The colorfully tattooed, Michigan-bred Billy Strings received his stage name from his aunt, who admired his uncanny ability to master a variety of plucked instruments. The 25-year-old guitar flatpicking prodigy, born William Apostol, whose influences range from Doc Watson to Black Sabbath, is rapidly scaling the bluegrass music ladder and carving his name on the venerable tree of roots music while happily making waves wherever he goes.
Westword caught up with Strings in advance of his sold-out May 19 show at the Mishawaka Amphitheatre.
Westword: Where in Michigan did you grow up?
Billy Strings: I grew up in a little town called Muir, which is just outside of Ionia, Michigan. It's a really small place. Ionia is a prison town. I think there are like seven prisons there, and most of the people who live in the town are either in the prisons or employed by them. Some of my friends have grown up to be corrections officers, and some of my other friends have grown up to be corrected by those officers. I grew up doing stuff that most kids do: messing around and getting into trouble, experimenting with stuff, skateboarding, and playing music. There was a lot of substance abuse and a lot us were bored. I hated school. I dropped out as much as I could. Eventually I realized that everyone was just getting into trouble and that I had to get the hell out of there. The Billy Strings thing started when I moved up to Traverse City, Michigan, which is kind of an artsy community. I started playing open-mic nights around there at coffee shops, art galleries and microbreweries. Pretty soon I was getting a bunch of gigs, and next thing you know I was playing all over the place.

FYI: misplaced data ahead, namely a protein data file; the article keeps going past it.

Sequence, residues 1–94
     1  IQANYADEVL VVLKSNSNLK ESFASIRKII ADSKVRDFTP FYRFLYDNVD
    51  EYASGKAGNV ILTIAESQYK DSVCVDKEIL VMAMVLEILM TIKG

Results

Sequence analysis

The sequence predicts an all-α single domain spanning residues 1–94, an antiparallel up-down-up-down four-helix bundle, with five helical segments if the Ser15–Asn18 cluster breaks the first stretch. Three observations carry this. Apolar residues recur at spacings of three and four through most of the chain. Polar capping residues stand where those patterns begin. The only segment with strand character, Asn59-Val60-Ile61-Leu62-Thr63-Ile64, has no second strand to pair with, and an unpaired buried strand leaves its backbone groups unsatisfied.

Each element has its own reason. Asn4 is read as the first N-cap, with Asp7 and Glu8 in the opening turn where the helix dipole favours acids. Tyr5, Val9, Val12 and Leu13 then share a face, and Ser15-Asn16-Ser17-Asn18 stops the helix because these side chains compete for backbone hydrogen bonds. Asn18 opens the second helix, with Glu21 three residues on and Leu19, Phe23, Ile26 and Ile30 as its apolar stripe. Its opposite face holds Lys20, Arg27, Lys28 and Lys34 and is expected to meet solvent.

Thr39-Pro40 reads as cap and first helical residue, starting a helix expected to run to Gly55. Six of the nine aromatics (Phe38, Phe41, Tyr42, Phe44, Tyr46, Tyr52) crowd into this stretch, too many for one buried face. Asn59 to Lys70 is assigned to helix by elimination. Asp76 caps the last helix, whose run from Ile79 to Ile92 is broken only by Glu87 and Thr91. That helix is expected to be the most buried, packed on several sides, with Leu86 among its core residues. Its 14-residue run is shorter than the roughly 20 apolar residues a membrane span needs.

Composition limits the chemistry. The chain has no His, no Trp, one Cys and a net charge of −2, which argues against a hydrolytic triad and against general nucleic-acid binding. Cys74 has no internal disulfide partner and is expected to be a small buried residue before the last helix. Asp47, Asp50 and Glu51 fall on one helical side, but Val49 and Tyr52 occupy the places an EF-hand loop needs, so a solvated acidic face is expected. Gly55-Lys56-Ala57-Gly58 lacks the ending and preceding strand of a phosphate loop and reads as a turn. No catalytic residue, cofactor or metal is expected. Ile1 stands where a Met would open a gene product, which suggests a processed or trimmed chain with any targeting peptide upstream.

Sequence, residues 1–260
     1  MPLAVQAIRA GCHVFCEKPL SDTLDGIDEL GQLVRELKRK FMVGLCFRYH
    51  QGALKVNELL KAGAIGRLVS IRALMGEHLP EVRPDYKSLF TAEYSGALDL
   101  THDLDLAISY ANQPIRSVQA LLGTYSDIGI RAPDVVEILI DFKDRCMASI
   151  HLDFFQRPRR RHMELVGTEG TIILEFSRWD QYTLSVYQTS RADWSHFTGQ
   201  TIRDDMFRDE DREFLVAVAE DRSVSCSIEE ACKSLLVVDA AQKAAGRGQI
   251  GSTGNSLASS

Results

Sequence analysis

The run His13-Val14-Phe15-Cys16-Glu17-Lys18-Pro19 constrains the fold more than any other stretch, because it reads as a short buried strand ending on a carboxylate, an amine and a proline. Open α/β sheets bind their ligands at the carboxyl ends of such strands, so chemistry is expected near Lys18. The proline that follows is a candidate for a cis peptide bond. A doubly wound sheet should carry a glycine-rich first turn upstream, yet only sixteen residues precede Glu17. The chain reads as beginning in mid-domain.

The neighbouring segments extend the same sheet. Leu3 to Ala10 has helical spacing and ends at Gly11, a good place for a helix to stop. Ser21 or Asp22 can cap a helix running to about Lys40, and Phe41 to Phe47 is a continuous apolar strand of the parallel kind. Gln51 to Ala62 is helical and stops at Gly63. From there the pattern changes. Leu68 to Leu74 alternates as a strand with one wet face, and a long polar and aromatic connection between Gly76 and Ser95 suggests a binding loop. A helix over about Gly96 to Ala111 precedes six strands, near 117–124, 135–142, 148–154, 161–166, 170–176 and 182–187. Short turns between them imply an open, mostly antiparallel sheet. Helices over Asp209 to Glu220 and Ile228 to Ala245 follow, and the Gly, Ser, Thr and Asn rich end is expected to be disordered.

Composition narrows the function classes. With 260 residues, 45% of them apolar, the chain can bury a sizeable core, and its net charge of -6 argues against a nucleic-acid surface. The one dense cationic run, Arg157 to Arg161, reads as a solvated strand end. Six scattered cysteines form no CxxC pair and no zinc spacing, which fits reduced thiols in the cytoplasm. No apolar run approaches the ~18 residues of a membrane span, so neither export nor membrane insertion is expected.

When did you get bitten by the music bug?
Well it's always kind of been my crutch. If I get bummed out or I'm super-stoked, music is always there for me. When I was in high school, I started jamming with a band. I had grown up playing bluegrass with my dad, and then later on I wanted to play music with people who were my age, and so I joined this metal group. There was this little metal scene going on at my high school, and I joined in on it.
What kind of metal did you play?
It was kind of heavy stuff...I don't even know. It was a high school band. It was almost embarrassing. I listened to a lot of death metal at the time, but the band was more like grindcore. I learned to do a lot of tremolo picking in metal, and that's also a big bluegrass mandolin thing, where you go up and down on one string really fast.
Is there anyone in bluegrass whose playing you really respect?
I really like Bryan Sutton. He's the Zen master. He's my hero. He's like the guy with the big eyebrows in the movie Kill Bill [David Carradine]. I guess you could say he's kind of my Yoda.
You've been out to Colorado before, right?
Oh, yeah. I love Colorado. It's one of my favorite places to play. There are so many music fans for our style of music. When you have a concert, people show up in droves, and they're ready for it. They're just happy that you're there. You don't really have to prove anything to them. They're just like, "Right on. There's a band on stage. Let's rage!"